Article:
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China Letter-News and Human Rights

China human rights news with focus on the Uygur of Xinjiang, Tibetans and Tibet, Chinese mining workers, religion, corruption and censorship.

Friday, May 28, 2004

Culture of responsibility: Welcomed progress

China cleans up job-related human rights violations.

If anything can be said about the Chinese government it is that they know how to make all the right noises. The problem however most of the time it seems is in turning words into action.

One particular "noise" they have been making of late is the drive to make government and party officials more accountable for their acts or omissions.

It has been apparent for a long time that Chinese officialdom runs on the premise of all rights and no responsibility. In other words they enjoy wielding power but if something goes wrong than it is always the other person's or other department's responsibility. Buck passing is a time honored profession and one well honed among Chinese bureaucracy.

Of late however it appears that words are actually being translated into actions. The last several months have witnessed a drive by the central government to inject responsibility and accountability into China's government agencies and officials.

Firstly, the government would appear, publicly at least, to be attempting to create a culture of personal responsibility where officials guilty of oversight or dereliction of duty choose to take the honorable way out and "falling on their swords" by resigning. Unlike before when if anyone were to fall it would be some poor underling now, like western convention, the number one person is expected to resign for failings within his organisation.

Secondly, the government has increasingly announced new measures of government oversight and has shown a willingness to bring miscreants to task. Most recently, for example, it has announced the setting up of a "database" of personal details of judges, tracking such things as investments, incomes even marital status. The idea is that by doing so those judges guilty of corruption, career aggrandisement or even with a susceptibility to "sexual seduction" can easily be found or at least be aware that they are being scrutinised.

As a result of these type of actions several high profile people have been charged in the criminal system for either corruption or dereliction of duty including ex provincial governors.

Recently China was stunned by the "Baby powder" scandal in which thirteen infants in Anhui died of nutritional deficiencies from consuming substandard milk powder and 171 infants suffered from malnutrition after being fed with milk powder deficient in protein and other nutrients as a result of contaminated bay powder formula.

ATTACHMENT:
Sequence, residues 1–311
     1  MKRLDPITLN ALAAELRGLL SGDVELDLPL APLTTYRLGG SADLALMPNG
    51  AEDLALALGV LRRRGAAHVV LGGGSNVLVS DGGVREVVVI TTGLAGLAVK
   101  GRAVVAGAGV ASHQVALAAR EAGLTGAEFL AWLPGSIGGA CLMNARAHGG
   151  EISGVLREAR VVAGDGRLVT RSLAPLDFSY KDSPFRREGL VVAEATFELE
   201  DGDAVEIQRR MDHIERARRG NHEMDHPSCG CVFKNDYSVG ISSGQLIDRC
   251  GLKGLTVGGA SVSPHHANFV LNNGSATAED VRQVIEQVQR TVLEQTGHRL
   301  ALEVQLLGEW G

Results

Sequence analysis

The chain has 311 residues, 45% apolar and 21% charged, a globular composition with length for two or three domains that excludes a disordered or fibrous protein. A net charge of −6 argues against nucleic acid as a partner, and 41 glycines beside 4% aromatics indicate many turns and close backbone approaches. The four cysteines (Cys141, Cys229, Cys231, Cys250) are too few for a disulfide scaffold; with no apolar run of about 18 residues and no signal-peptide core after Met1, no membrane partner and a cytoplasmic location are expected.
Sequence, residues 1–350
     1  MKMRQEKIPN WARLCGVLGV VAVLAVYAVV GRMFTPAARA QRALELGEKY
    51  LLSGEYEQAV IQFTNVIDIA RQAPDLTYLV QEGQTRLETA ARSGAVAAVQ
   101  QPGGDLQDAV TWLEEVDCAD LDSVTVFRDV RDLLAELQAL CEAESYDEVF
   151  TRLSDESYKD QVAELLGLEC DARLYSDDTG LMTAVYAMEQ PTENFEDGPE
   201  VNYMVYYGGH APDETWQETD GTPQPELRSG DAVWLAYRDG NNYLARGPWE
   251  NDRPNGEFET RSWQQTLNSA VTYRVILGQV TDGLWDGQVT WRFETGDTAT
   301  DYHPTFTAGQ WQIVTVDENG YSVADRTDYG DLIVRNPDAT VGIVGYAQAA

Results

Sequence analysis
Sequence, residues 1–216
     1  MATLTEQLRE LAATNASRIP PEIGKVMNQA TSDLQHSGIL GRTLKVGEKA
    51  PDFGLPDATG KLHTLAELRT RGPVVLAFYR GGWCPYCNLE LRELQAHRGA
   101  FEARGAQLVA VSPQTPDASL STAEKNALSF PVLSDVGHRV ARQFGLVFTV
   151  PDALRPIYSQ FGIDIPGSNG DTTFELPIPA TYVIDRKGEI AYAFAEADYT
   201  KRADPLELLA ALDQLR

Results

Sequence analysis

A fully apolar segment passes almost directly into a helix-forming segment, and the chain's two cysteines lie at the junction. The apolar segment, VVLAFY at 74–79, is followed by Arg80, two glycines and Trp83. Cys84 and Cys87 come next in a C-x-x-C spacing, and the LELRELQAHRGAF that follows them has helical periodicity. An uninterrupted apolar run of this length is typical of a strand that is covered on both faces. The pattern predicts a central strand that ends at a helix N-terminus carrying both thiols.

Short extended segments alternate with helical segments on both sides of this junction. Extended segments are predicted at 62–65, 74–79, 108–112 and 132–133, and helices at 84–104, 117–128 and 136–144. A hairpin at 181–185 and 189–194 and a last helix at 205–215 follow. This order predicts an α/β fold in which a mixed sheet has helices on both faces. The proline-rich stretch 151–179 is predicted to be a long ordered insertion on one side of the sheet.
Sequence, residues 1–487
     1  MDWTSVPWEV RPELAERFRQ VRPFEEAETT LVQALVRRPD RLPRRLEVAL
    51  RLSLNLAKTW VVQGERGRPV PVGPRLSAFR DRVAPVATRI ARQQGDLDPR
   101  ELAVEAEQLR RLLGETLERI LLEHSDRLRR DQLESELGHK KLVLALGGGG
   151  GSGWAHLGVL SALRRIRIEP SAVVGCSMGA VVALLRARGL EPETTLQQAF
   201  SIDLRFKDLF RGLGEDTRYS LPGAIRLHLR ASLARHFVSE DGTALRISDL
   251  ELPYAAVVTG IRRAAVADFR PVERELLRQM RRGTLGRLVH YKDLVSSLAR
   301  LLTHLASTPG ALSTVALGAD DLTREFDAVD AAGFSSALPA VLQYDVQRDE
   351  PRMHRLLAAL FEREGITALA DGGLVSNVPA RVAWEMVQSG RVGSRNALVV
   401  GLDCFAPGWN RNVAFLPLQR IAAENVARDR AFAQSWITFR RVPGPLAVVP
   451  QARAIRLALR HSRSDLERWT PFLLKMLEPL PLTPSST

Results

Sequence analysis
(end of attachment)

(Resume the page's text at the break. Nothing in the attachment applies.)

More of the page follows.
The linked article at China Daily reports that two officials involved in the scandal have been caught in the government net:

"Two officials involved in the notorious fake milk powder case in Fuyang City, east China's Anhui Province, were recently put into custody for dereliction of duty, marking a resolute step in the country's one-year fight against human rights violation crimes by government officials."

On Wednesday Wang Zhenchuan, deputy procurator-general of the Supreme People's Procuratorate (SPP), announced that procuratorates at all levels will launch a sweeping one-year investigation into job-related crimes of infringing on human rights.

China Daily further reports:

'"Negligence of duty which causes great losses of people's lives and assets is one of the campaign's major targets," Wang said, adding the goal of the campaign is to fulfill the commitment of " respect and protection of human rights" enshrined in the Constitution and to defend basic benefits of the masses.'

Any moves towards providing greater transparency of government processes and decision making, proper management and oversight and inculcation of the ethic of professional responsibilty can only be of huge benefit to the human rights situation in China.

Whilst it is too early to asses how successful this campaign will be in the long term initial indications are quite positive that words, in this instance at least, can be translated into actions.

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China Daily NewsChina cleans up job-related human rights violations